Create your first RDS instance using the AWS console
In this video, we walk through how to create your first RDS instance using the AWS console. (SQL Server) No scripting skills are required at this stage.
This short training video shows you what is required for connecting to your AWS RDS instance. Learn how to use SQL Server Management Studio and what is different from connection to your on-premises SQL Server.
This short video details some benefits and limitations of AWS RDS. It’s not full SQL Server as you know, but it does a lot for you. I also go into some key AWS terminology which may help the those who are new to AWS, or the cloud in general. The video is only 5 minutes long. Once you watched it, you can get a more detailed list of unsupported features from the AWS documentation.
UPDATE: You can now use database mail with RDS – See this.
I’ve put together a short video series on running SQL Server on Amazon RDS. It covers some basics and can be completed in around an hour, with several very short videos. It’s intended for SQL professionals who are just getting started with AWS, but might also be enjoyed by AWS users, looking to get started with a relational database management system.
It’s my first attempt at putting together a training plan. So any feedback will be gratefully received. Either in the blog comments or YouTube video comments.
1. Introduction to SQL Server on Amazon RDS (Scroll down)
2. Benefits and limitations of AWS RDS
3. Create your first RDS instance using the AWS console
4. Connecting to your AWS RDS instance
5. Advanced Configurations using Parameter Groups
6. Securing your SQL Server AWS RDS Instance
7. Automating Deployments using PowerShell
8. Backup and restore for AWS RDS
9. Providing High-Availability through Multiple Availability Zones
10. Monitoring Your Instances using CloudWatch
In this blog post, I describe optimising a slow stored procedure. It’s part of a series of posts by members of the SQL Server community in relation to T-SQL Tuesday. For this month’s T-SQL Tuesday, Kerry Tyler asks:
Tell me (us all, obviously) about something recently that broke or went wrong, and what it took to fix it. Of course, the intent here would be for this to be SQL Server-related, but it doesn’t have to be. We can all learn from something going wrong in infrastructure-land, or how there was a loophole in some business process that turned around and bit somebody’s arm. It doesn’t even have to be all that recent–maybe you’ve got a really good story about modem banks catching on fire and that’s how you found out the fire suppression system hadn’t been inspected in years. Just spitballin’ here. If you’ve got an incident whose resolution can help someone else avoid the same problem in the future or improve a policy as a preventative measure, let us hear about it.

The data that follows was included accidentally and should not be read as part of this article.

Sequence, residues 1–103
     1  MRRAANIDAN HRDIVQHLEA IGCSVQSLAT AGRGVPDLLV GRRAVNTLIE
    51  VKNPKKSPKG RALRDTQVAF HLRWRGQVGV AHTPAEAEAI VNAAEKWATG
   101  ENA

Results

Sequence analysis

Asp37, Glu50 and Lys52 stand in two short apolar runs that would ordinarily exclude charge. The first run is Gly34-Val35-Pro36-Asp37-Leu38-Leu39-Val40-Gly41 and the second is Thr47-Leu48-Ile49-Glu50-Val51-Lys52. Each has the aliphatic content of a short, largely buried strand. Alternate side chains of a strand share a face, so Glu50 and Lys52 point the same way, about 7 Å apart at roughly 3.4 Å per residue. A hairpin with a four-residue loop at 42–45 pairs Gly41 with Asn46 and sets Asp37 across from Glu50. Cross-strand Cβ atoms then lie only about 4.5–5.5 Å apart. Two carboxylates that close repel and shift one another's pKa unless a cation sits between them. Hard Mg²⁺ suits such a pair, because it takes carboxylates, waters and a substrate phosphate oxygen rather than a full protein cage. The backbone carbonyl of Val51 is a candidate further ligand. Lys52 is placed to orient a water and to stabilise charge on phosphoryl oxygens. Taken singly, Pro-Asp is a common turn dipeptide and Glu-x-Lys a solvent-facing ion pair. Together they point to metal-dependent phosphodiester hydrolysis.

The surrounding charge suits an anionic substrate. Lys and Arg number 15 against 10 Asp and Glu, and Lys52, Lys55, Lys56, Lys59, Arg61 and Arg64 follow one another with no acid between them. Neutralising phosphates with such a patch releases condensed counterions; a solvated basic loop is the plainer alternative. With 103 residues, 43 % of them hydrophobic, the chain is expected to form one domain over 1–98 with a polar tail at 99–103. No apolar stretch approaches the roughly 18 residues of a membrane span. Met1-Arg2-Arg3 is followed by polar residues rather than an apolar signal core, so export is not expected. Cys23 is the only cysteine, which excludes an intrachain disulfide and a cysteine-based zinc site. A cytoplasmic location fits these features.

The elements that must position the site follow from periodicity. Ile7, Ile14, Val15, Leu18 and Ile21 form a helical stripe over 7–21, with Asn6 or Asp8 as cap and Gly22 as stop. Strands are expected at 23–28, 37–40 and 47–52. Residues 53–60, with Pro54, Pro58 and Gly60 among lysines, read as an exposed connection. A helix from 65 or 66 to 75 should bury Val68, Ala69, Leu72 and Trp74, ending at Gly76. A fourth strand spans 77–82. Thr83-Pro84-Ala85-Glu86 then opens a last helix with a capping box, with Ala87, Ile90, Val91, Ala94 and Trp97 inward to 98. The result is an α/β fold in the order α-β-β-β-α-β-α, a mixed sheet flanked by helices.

I received a call out of hours that a key web page in the application was suffering from timeouts. It was a page for managing important finance data and our team in the US were unable to work. I needed to work out what had changed and how to fix it?
All http requests are logged so I could took a quick look at the logs to see if there were any problems. It stood out that one stored procedure in particular was timing out. I quickly ran a trace (sorry xe fans) and found that one particular proc was running for 30 seconds every time. (This is the application timeout value). I took the proc name and parameters and ran from SSMS and found that the procedure took 4 minutes to complete.
So why had this procedure suddenly gone bad? Well the fact is it was poorly performing anyway and finance users were frustrated on the whole. My first thought was recompile it quickly and see what happens. Like flicking a switch, it was back to around 20 seconds and the finance page would load again, albeit slowly. So, the issue here was that a bad execution plan had been cached and was being used for each subsequent execution.
This is however a very unsatisfactory fix. First of all, you are not stopping the problem from reoccurring. Secondly, you are only improving the situation from broken to slow. Hardly something for the CV.
The next morning, I took a look at the stored procedure code and could see it needed to be optimised. I ran the proc on a test system, and collected the key metrics such as logical reads and cpu duration by running [SQL]SET STATISTICS TIME,IO ON[/SQL]. To simplify the output, I always copy this into Richie Rump’s Statistics Parser.
This output showed me logical reads into the millions for multiple tables. Starting from the tables with the highest reads, I worked through all of the high ones, looking at which columns were being queried and which predicates were being used. I used this information to design and test alternative indexes, each time remeasuring the output from SET STATISTICS TIME,IO ON. Once I had the correct indexes in place, I was able to submit a PR with the changes. Once it went to production, it resulted in sub second page loads which made the finance team a lot happier.
One other thing that I did that is worth mentioning is I used Sentry One Plan Explorer (It’s free). The query plan was one of those intimidating ones, with hundreds of nodes. When I look at these in SSMS, it’s sometime difficult to know where to start. However in Plan Explorer, there is an option to ‘Show Cumulative Costs’ which helps you can see which branches of the plan can be minimised as the have little cumulative impact, rather than the impact of each node within the plan. This makes reading the rest of the plan much easier because it gets a lot smaller.